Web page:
Will sure be fun
You all should come
And join the fun
We’re Umstead bound
There’s quite a breeze
I hope there are no falling trees.
But maybe we can put to rest
The question asked so much in jest
If we’re the only ones around
Will falling trees still make a sound?
Veterans of last year’s Reindeer/No Hunting on Sunday Point-to-Point Run on the Mountains to Sea Trail (R/NHoSP-t-PRotMST) might remember the puzzle I sent afterward as a race report, asking readers to match the runners with their reindeer names. There were two flaws: 1) I underestimated the intense competition–people took notes and made charts, spending hours trying to figure it out, and 2) Three of the reindeer had to be guessed. [aka “not enough information to solve the problem.”]
This year’s puzzle is comparatively easy AND solvable for Peeps. You need to know the Peeps listed here just a bit (as well as read my emails, which eliminates many). First 100% correct answer (email me) wins a prize. Reindeer on the run and non-Peeps are ineligible for prizes.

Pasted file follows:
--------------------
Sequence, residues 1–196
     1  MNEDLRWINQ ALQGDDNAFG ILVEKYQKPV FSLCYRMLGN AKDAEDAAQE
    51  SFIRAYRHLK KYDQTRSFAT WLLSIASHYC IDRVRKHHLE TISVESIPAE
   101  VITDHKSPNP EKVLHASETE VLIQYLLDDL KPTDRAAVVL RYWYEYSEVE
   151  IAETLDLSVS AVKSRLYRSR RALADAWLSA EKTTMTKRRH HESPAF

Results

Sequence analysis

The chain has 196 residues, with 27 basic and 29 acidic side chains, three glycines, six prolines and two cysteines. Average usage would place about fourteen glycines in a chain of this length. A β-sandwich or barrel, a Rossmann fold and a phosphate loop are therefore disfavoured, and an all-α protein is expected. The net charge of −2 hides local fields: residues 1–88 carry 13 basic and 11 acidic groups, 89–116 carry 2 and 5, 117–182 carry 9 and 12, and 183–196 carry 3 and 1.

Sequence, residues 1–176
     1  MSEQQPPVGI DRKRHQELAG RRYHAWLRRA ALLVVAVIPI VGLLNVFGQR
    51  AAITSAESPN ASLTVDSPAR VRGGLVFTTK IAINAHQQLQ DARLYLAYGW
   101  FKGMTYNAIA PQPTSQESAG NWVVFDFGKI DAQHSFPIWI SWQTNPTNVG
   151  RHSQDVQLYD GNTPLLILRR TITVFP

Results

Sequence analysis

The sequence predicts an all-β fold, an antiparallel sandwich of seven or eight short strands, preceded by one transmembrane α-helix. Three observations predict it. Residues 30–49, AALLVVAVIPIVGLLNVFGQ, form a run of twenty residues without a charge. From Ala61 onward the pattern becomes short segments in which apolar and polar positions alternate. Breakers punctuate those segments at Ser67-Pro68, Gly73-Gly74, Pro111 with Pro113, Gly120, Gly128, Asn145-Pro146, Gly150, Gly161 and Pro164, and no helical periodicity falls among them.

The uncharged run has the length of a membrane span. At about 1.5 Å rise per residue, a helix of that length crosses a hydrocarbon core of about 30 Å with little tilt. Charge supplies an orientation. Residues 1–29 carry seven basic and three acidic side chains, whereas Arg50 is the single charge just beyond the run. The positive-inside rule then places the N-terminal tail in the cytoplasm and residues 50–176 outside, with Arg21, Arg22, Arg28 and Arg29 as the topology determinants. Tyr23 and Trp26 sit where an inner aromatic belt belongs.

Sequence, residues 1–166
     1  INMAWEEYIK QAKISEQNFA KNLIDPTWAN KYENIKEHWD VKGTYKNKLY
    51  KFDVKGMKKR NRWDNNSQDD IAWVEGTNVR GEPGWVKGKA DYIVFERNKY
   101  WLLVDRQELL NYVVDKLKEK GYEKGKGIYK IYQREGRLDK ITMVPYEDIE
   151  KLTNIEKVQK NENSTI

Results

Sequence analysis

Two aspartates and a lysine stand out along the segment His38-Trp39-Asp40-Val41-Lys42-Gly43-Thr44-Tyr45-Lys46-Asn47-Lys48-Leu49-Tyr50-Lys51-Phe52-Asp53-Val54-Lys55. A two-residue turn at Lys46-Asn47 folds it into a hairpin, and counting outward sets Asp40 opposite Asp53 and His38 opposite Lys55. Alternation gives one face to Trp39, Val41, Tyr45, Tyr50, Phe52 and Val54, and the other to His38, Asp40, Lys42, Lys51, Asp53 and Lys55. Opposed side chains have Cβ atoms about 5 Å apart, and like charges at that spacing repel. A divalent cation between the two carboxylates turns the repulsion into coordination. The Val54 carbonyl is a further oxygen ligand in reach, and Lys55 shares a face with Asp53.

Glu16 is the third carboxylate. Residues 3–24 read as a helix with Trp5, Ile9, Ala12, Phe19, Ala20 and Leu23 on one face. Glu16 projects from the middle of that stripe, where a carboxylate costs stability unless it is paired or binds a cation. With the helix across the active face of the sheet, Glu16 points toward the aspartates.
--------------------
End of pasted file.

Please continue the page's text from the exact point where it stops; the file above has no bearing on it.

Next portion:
The back story: This is the second time we’ve done this point-to-point run. It’s a bit complicated to organize, but incredibly fun. We leave cars at different endpoints on the NC Mountains-to-Sea Trail along Falls Lake and then shuttle to the Falls Lake Dam to start the run. Those doing the longest distance (~16 miles) run sections 5-10 (as illustrated here and below).
Before sunrise, Donner and Blitzen met at Taylor’s and drove up Six Forks Rd. to leave Blitzen’s sled and start the day’s shenanigans. Donner made sure that Blitzen had his fuel belt, because last time he forgot it and ate all her snacks. They were driving up Bayleaf Church Rd in the dark when a mysterious sedan with blacked-out windows started flashing headlights. It turned out to be Vixen, who had made the mistake of calling Thrasher, who suggested that 13+ miles for your first trail run was a tad ambitious.